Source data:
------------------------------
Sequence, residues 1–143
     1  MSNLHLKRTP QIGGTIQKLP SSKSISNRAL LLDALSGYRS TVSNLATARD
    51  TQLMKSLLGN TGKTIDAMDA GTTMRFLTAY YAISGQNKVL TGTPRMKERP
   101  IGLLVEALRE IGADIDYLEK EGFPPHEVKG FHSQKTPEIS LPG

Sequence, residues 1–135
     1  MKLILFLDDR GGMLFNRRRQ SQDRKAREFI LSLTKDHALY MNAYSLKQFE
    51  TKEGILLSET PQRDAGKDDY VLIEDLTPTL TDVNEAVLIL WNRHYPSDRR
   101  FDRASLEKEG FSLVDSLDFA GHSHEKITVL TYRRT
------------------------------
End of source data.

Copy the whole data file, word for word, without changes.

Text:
Sequence, residues 1–143
     1  MSNLHLKRTP QIGGTIQKLP SSKSISNRAL LLDALSGYRS TVSNLATARD
    51  TQLMKSLLGN TGKTIDAMDA GTTMRFLTAY YAISGQNKVL TGTPRMKERP
   101  IGLLVEALRE IGADIDYLEK EGFPPHEVKG FHSQKTPEIS LPG

Sequence, residues 1–135
     1  MKLILFLDDR GGMLFNRRRQ SQDRKAREFI LSLTKDHALY MNAYSLKQFE
    51  TKEGILLSET PQRDAGKDDY VLIEDLTPTL TDVNEAVLIL WNRHYPSDRR
   101  FDRASLEKEG FSLVDSLDFA GHSHEKITVL TYRRT